|Rektascenzija||06 : 47.0 (u:m)
|Deklinacija||-20 : 44 (sto:m)
|Razdalja||2.3 (*1000 sv.l.)
|Vizual. magnituda||4.6 (mag)
|Zorni kot||38.0 (loc min)
M41 is lying about 4 degrees nearly exactly south of Sirius, the brightest star in the sky. It contains about 100 stars, including several red (or orange) giants, the brightest being of spectral type K3 and mag 6.9, and situated near the cluster's center. This star is about 700 times more luminous than our Sun. The stars are distrubuted over a volume about 25 or 26 light years across, and all receding from us at 34 km/sec. As they are at a distance of 2,300 light years, they appear scattered over an area of 38 arc minutes diameter (Kenneth Glyn Jones has the significantly smaller distance of only 1,600 light years).
The age of M41 was estimated at 190 million years (Sky Catalog 2000) and 240 million years (G. Meynet's Geneva Team). All sources agree that it is to be typized as of Trumpler class I,3,r. This stellar swarm is receding from us at 34 km/sec.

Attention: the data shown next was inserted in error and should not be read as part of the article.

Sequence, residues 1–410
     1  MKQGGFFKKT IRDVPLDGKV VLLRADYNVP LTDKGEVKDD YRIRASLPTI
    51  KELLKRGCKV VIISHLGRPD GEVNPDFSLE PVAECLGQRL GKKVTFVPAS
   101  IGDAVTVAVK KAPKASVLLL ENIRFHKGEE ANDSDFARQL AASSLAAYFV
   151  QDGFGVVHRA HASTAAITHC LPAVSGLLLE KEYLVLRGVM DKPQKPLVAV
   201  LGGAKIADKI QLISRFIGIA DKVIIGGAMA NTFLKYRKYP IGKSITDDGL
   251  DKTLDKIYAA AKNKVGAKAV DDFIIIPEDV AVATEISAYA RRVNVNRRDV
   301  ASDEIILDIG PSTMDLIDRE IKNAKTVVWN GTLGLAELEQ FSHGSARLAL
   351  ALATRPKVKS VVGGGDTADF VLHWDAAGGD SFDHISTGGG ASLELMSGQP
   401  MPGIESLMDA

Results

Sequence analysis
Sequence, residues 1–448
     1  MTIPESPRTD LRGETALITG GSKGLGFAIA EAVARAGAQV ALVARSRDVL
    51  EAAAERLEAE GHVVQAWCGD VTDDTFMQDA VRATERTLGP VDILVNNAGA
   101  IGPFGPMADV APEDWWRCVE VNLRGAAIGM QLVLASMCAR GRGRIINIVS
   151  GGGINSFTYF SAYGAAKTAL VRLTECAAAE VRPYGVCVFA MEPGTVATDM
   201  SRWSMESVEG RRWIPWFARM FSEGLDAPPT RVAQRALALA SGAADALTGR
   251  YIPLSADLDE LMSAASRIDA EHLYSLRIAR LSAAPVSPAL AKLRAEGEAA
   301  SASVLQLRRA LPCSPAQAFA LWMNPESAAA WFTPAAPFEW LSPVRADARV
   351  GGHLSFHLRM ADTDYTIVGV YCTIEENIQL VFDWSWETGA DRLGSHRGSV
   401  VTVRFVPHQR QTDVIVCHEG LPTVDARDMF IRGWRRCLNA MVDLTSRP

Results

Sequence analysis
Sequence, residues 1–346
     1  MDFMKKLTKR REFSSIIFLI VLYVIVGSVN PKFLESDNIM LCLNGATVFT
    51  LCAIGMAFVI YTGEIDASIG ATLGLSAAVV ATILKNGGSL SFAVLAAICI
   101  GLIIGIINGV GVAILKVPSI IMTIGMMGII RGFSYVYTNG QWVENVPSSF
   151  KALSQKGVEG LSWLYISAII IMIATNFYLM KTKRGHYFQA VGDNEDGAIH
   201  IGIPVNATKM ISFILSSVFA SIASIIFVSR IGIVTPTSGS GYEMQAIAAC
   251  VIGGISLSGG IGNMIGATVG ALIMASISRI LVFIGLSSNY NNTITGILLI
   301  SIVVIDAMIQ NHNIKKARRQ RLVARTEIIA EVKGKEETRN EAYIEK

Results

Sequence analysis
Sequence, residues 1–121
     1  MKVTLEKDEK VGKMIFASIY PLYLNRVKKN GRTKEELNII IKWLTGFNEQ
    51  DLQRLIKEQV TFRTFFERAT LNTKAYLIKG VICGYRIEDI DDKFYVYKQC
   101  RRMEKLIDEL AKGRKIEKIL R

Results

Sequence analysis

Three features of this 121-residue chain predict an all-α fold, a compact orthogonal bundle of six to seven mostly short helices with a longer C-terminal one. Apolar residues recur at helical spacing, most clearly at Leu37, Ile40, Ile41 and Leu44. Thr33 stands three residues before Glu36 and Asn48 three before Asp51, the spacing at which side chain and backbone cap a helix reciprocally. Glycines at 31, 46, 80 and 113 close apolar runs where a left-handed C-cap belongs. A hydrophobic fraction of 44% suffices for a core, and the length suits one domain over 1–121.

C.E. Barns mentions that M41 was "possibly" recorded by Aristotle about 325 B.C.; this would make it the "faintest object recorded in classical antiquity" (from Burnham). Hodierna was the first to catalog it before 1654, and it got generally known after Flamsteed's rediscovery of February 16, 1702.
The relatively bright star in the upper right (Southeastern) corner of our image is the 6th-mag star 12 Canis Majoris. According to the Sky Catalog 2000 (Vol. 1), this star is a blue giant of spectral type B7 III n, which is at roughly half the distance of the cluster (1,100 light years) and thus not a member. This star is also in the lower left of the DSSM image.
This cluster is easy to find, as it is nearly exactly south of Sirius, at an angular distance of 4 degrees.